Economics professor, AAA differ on future of gas prices
Fueling vehicles across the nation did not go unnoticed in 2012.
The nation’s average cost of a gallon of gasoline in 2012 hit an all-time high at $3.60, according to AAA.
Despite never reaching the record price of $4.11 in 2008, 2012’s average was nine cents above the average record, which was set in 2011.
The peak last year was $3.94, and according to an article by the Associated Press by 2014, U.S. production will reach its highest level since 1988.
However, according to the Energy Department, the average price for 2013 will fall five percent to $3.44.
The continuous rise in gas prices came as to no surprise to Samuel Raisanen, assistant professor in Economics.
“Gasoline prices increase with general inflation,” he said. “Additionally, as developing nations increase their energy consumption, the increased demand will continue to put upward pressure on prices.”
Last year saw spikes in gasoline prices due to reductions in refining capacity from Hurricanes Isaac and Sandy, as well as a refinery fire in California, Raisanen said. Other factors affecting the increasing gas prices included better fuel efficiency in cars as well as other transportation alternatives.
“Gasoline prices in Mount Pleasant tend to be 6-7 cents higher than the state average,” Raisanen said. “Gas prices in south-eastern Michigan tend to be lower due to the proximity to the Marathon Detroit Refinery.”
So far in 2013, the average price for a gallon of gas in Michigan has lowered to $3.28. The lowest state average is $2.95 in Utah and Wyoming, with only three states below three dollars. The highest average price in 2013 so far is Hawaii at $4.00, with the next closest state being New York at $3.75.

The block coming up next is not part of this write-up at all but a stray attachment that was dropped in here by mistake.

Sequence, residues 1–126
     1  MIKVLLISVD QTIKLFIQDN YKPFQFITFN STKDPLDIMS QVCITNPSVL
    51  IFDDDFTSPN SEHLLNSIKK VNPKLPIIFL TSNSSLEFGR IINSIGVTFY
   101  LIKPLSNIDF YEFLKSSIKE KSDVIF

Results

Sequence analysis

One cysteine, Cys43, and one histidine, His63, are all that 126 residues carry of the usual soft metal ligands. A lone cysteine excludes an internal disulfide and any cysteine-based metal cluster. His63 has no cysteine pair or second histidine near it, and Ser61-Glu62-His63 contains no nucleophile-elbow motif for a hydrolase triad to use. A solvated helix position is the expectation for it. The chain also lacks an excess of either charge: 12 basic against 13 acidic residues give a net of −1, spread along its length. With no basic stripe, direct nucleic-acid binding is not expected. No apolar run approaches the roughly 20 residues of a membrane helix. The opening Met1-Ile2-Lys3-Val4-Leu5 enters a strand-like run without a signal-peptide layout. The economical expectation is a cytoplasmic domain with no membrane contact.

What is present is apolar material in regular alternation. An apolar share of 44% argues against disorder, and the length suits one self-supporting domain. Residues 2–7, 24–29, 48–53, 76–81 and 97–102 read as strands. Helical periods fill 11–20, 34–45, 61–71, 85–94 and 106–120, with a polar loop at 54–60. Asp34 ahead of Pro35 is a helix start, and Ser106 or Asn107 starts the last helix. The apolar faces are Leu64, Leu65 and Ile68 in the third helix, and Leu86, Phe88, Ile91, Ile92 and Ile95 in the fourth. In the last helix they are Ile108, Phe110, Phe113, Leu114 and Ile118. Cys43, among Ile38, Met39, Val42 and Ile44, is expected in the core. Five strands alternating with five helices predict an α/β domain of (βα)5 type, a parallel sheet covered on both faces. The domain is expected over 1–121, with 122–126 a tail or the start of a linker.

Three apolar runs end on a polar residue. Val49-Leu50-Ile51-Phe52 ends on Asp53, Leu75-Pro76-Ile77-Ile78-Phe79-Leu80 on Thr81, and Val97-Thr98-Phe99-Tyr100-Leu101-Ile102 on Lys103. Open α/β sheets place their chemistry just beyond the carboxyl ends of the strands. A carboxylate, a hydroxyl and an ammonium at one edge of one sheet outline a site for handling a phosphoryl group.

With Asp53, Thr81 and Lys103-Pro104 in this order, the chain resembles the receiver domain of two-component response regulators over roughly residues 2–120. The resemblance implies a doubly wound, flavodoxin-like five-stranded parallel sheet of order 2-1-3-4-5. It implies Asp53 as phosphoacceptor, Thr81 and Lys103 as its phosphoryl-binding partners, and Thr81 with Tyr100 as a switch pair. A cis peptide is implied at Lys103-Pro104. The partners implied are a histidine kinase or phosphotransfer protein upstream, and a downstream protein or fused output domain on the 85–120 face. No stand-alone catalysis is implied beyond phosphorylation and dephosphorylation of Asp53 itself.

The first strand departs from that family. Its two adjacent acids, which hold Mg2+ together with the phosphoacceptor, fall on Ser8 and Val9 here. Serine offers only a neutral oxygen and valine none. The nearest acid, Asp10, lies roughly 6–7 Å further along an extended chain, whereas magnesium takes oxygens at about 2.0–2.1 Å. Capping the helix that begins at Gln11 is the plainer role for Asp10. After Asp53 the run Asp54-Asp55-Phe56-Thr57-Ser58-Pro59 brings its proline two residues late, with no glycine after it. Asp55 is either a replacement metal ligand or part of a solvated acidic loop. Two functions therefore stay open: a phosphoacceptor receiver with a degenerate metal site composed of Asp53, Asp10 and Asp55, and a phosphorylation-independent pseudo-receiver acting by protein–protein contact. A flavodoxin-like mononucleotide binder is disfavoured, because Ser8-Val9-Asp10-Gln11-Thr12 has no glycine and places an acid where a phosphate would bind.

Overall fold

The consumption of gas in the U.S. is back down to 2002 levels due to the use of fuel-efficient cars and the moderate economy. It is not expected to rise this year or next, according to the Energy Department.
AAA forecasts the national average will peak between $3.60 and $3.80 in the spring, then drop to between $3.20 and $3.40 by mid-summer.
Whether the pricing has been affected by the recent election as well, Raisanen said no.
“Gasoline prices are driven by supply and demand of oil in combination with available refining capacity and gasoline taxes,” Raisanen said. “While the recent election involved much rhetoric about gasoline prices, there was little in the way of suggested policy changes that had any actual impact.”
One thing Raisanen does believe is that commuter students are greatly impacted as they have little choice, but to absorb the gasoline price increases by adjusting their budgets elsewhere.
However, students who live on campus can find other alternatives in transportation because of the size and convenience of campus.
Shelby Township sophomore Emily Harding fills up at Sam’s Club so it’s cheaper when she is forced to drive. Since the last time she filled up her vehicle, the price has increased an additional 20 cents.
“The last three years I’ve been driving, it has never been below $3.” Harding said. “I travel a lot and go home as well, so a lot so my credit card bills are normally over a hundred dollars from gas alone.”
Daisha King, a Detroit sophomore is not optimistic on whether this year will be different.
“I think it will be higher this year, because everybody has to buy gas,” King said. “So they are going to make money the best way they can.”
King remembers a time when a gallon of regular gasoline was only a dollar, but now believes even seeing the price fall below three will never happen.
“It always gets so close to $3, but never goes below,” King said. “People are just used to this price range now.”
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